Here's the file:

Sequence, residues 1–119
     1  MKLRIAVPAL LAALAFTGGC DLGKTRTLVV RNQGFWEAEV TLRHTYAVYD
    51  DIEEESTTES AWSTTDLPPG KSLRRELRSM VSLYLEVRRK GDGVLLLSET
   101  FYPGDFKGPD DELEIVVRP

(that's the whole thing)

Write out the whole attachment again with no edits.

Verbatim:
Sequence, residues 1–119
     1  MKLRIAVPAL LAALAFTGGC DLGKTRTLVV RNQGFWEAEV TLRHTYAVYD
    51  DIEEESTTES AWSTTDLPPG KSLRRELRSM VSLYLEVRRK GDGVLLLSET
   101  FYPGDFKGPD DELEIVVRP